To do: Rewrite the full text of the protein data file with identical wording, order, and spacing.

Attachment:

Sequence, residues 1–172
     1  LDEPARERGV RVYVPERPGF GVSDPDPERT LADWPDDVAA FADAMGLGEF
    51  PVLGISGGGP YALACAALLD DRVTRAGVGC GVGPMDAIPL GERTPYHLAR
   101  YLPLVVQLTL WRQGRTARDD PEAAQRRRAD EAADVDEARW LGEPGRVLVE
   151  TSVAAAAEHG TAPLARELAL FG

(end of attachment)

Sequence, residues 1–172
     1  LDEPARERGV RVYVPERPGF GVSDPDPERT LADWPDDVAA FADAMGLGEF
    51  PVLGISGGGP YALACAALLD DRVTRAGVGC GVGPMDAIPL GERTPYHLAR
   101  YLPLVVQLTL WRQGRTARDD PEAAQRRRAD EAADVDEARW LGEPGRVLVE
   151  TSVAAAAEHG TAPLARELAL FG